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Dogs For Sale Sydney

Dogs For Sale Sydney

Animal Medicines Australia revealed that more than 69% of households in Australia currently own a pet, 50% of which are dogs. But while the nation is known worldwide to be pet-loving, there are still some cities that impose restrictions when it comes to allowing our beloved canine companions to visit certain public places – one of which is Sydney.

Regulations, however, have not stopped many Sydneysiders from adopting dogs over the years. The pandemic has even helped bring about a significant increase in canine acquisition in this city. This is because families and individuals are constantly longing for companionship and love, which dogs can give. It is no surprise, then, that from October 2020 to September 2021, the average monthly search for dogs for sale in Sydney was 3,600.

If you are considering adopting a dog any time soon but have yet to decide on a specific breed, the chart below may help you find the right canine.

Most Searched Dog Breeds In Sydney 2021

1. Cavoodle 7. Border Collie
2. Golden Retriever 8. Chihuahua
3. French Bulldog 9. Corgi
4. Beagle 10. German Shepherd
5. Labrador 11. Pug
6. Pomeranian 12. Dachshund

Common Questions to Ask your Dog Breeder

For many potential buyers, resisting a cute puppy is difficult. This, however, doesn’t mean you should refrain from asking your seller the right questions. An ethical breeder will be more than glad to answer any questions you may have regarding the dog of your choice.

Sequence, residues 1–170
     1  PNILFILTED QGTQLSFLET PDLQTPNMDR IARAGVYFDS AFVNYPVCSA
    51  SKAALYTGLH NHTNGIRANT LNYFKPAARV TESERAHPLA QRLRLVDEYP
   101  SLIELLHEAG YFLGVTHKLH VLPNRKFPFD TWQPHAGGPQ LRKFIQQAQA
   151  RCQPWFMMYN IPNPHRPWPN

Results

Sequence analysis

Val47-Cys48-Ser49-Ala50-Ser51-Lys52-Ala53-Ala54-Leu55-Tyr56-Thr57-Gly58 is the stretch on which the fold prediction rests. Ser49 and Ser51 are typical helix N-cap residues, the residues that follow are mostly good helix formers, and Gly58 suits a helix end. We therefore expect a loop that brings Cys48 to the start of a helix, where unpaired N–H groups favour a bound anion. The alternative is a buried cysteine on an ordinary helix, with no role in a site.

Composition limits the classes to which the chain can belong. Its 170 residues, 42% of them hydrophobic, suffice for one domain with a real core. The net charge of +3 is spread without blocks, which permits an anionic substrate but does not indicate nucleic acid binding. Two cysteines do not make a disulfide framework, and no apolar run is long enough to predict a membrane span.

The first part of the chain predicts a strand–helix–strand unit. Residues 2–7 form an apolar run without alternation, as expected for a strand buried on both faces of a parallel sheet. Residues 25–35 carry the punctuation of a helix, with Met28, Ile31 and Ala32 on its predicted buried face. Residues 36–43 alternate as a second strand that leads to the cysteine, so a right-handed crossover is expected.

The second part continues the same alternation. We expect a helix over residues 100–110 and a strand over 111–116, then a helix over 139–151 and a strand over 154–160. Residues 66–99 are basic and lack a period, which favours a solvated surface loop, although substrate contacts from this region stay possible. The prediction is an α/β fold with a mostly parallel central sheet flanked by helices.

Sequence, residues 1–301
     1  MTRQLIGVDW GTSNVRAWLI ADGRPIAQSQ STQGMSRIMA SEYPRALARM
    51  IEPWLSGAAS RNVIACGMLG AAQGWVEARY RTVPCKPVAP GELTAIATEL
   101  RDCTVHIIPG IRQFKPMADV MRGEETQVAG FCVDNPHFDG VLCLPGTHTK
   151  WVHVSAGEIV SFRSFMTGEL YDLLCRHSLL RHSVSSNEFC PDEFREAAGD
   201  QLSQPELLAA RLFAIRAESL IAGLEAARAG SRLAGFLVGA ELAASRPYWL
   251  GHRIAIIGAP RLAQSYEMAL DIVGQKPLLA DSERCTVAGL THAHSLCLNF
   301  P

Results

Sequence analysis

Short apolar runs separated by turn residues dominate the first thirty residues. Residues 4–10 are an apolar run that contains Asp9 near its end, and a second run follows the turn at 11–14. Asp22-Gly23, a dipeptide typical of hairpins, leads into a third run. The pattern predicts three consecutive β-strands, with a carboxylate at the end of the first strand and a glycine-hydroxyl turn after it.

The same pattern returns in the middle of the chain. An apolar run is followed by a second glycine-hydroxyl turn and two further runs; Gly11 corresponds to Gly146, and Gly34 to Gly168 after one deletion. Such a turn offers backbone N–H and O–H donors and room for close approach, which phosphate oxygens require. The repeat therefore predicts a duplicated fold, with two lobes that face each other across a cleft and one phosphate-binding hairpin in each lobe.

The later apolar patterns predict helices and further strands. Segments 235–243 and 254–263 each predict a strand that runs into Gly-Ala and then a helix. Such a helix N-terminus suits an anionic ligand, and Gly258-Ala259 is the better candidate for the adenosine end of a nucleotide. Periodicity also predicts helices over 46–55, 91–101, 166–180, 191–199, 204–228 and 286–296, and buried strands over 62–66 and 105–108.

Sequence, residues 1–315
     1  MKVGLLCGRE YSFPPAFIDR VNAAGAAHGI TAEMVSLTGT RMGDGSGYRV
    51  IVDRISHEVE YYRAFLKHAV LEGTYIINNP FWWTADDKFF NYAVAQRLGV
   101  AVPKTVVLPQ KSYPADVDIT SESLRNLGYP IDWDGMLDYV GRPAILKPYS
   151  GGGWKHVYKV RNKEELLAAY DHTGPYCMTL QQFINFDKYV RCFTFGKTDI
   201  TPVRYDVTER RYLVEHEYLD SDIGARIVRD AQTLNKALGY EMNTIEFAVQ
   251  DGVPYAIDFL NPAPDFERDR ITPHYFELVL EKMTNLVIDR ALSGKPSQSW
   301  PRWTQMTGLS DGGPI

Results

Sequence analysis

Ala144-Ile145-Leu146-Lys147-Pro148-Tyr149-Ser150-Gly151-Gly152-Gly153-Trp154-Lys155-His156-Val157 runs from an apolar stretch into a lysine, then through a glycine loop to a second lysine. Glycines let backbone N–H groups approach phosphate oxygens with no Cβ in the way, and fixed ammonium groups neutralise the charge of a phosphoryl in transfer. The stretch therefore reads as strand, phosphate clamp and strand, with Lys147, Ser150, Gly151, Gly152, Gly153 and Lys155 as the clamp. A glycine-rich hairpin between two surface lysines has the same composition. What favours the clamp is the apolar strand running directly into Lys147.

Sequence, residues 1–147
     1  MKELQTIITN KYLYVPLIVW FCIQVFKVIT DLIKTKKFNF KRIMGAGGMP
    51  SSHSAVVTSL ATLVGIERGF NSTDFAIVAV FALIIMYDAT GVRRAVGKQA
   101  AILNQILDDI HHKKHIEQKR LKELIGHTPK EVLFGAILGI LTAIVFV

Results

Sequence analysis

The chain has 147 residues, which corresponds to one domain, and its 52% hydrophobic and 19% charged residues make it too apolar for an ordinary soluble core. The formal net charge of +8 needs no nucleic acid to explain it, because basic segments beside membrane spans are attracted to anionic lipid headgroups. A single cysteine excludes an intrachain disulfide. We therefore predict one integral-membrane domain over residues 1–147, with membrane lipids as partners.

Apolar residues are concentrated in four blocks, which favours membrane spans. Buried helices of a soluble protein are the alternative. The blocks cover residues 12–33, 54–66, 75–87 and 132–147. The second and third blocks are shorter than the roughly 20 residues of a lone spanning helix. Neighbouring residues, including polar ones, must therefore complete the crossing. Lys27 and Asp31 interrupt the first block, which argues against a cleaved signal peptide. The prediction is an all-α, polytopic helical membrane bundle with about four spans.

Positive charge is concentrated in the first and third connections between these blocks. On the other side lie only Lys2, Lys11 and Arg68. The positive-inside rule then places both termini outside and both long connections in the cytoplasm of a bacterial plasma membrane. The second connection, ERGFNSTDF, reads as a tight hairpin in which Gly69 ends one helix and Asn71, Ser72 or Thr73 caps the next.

This is because they care more about finding their canine the perfect home than making a profit. You will know that a seller is responsible if they do not have so many dogs in their care and can give each animal individual attention.

Can I meet the parents?

While the pandemic has made it difficult for some potential buyers to meet the parents of their desired dog, it has never been a major issue. Many sellers are still able to arrange a safe and timely visit for their buyers to meet their chosen canine personally.

The reason why you need to meet the parents of your dog is to get an idea of how it will behave later on in life. Seeing both, or at least one, of its parents can help you predict your future canine’s temperament, size, and health. Additionally, meeting its siblings may also give you a chance to evaluate its overall character, future size, energy level, and socialisation skills. Bear in mind that a dog’s character is passed on from parents and siblings.

Since you are already at your desired dog’s residence, it is recommended to check out the surroundings to make sure that the facility where it is bred and raised is neat and organised. See if your chosen canine is well-groomed, free of foul odour, and being treated nicely. If your dog has been accustomed to being kept in a kennel for some time, inspect for cleanliness and good behaviour.

Sometimes, your breeder may give you an invalid excuse not to visit their dog, such as it being too young or being a bit unhealthy at the moment. If they keep giving you excuses time and time again, it is suggested to find another breeder – preferably one who has been recommended by a licensed veterinarian.

How do you go about socialising your puppies?

Early socialisation is crucial for dogs, which is why is it important that you ask your breeder if your chosen canine has been exposed to people, places, sounds, situations, and other animals as early as six to 16 weeks. This is because most canines are sent to new homes when they are at least nine weeks old. When they are not properly socialised by the time they reach this age, they are more likely to find it harder to interact with the rest of the world.